BEIJING — A Chinese general who disappeared from public view during an investigation into corruption by senior military commanders was found dead at his home in Beijing after apparently committing suicide, state media said on Tuesday.
The general, Zhang Yang, committed suicide on Nov. 23, the state-run Xinhua news agency said, citing China’s Central Military Commission. The Xinhua report said Mr. Zhang was living at home while he was being questioned in connection with unspecified corruption charges.
Mr. Zhang, 66, who had been director of the political department of the People’s Liberation Army, disappeared from public sight more than two months ago amid a crackdown on corruption by President Xi Jinping. Besides Mr. Zhang, Gen. Fang Fenghui, a rising star in the Chinese military, also vanished from public view.
Mr. Zhang committed “serious violations of discipline and the law and was suspected of the crimes of bribery as well as huge amounts of assets in which the sources are unknown,” the Xinhua report said.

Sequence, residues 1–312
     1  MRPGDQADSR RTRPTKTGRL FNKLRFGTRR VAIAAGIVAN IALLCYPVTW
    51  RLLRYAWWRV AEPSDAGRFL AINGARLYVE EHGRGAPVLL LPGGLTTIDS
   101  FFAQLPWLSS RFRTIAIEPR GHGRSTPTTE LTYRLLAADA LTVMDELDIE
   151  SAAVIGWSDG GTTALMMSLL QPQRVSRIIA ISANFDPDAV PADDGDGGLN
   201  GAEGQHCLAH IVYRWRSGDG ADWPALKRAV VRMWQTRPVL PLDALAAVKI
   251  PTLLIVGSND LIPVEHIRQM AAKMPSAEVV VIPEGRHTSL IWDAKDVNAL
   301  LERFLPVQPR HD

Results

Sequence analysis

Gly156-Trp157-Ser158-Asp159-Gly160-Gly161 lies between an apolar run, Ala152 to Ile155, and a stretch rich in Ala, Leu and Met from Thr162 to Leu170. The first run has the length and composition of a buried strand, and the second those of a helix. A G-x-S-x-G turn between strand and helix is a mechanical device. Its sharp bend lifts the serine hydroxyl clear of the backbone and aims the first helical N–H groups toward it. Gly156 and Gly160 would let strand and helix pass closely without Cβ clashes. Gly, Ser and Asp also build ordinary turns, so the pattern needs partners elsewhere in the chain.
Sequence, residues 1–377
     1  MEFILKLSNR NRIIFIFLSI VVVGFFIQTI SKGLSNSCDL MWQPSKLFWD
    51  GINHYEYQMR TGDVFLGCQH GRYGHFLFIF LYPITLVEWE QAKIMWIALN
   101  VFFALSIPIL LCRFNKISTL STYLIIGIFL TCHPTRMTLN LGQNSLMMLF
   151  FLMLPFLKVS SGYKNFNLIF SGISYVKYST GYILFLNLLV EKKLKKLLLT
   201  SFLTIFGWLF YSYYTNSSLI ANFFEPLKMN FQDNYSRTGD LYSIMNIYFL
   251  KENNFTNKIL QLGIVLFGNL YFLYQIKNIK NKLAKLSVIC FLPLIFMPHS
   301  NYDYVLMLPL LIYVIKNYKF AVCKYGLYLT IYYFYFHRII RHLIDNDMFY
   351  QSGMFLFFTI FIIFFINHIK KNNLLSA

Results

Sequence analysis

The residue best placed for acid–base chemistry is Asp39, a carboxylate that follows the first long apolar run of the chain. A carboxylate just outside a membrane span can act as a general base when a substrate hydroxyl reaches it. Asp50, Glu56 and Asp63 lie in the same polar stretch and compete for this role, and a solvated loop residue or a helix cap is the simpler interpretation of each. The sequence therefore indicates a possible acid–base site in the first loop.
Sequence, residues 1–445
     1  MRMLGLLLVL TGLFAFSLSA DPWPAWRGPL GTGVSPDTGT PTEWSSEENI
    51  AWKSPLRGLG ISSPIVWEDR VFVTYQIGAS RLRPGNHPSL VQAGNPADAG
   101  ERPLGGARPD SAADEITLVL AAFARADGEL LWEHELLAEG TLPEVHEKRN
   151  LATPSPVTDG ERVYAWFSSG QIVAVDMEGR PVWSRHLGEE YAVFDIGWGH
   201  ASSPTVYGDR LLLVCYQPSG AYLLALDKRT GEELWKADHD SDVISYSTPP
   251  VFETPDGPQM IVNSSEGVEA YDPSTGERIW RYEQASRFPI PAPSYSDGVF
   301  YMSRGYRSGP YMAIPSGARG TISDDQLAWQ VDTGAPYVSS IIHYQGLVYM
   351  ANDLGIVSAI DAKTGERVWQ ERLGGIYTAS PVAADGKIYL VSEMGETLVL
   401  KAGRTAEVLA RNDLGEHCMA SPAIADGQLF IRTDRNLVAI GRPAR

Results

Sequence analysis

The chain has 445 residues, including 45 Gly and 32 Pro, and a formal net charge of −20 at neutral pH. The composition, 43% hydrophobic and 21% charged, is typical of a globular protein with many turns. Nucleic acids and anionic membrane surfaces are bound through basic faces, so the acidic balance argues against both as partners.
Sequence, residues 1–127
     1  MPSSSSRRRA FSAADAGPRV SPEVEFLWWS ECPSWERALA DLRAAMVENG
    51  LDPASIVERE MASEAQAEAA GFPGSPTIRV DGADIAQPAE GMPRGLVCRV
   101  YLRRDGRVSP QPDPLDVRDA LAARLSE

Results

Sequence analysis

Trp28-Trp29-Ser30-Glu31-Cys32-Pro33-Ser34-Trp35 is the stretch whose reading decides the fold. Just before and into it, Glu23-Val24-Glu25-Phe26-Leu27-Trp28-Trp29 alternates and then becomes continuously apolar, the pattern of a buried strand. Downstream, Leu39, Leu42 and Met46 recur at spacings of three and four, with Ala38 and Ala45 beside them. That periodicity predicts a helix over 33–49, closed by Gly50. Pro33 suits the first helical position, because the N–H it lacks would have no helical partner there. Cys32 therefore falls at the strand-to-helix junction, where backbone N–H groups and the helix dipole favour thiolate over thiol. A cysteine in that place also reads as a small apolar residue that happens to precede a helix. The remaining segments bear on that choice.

The Xinhua report said that at the time of his death, Mr. Zhang was being investigated for links to Guo Boxiong and Xu Caihou, the two highest-ranking army commanders netted so far in Mr. Xi’s crackdown. Mr. Xi has used the sweeping anti-graft campaign to remove dozens of generals and tighten his control over the military, one of China’s most powerful institutions.
Mr. Guo was given a life sentence last year after a military court found him guilty of taking bribes in return for giving promotions and transfers. Mr. Xu died in 2015 of bladder cancer while awaiting a corruption trial.
Mr. Xi has used the crackdown to modernize the People’s Liberation Armyby ridding it of endemic corruption and elevating the professionalism of its officer corps, as older generals are replaced by younger officers more supportive of change.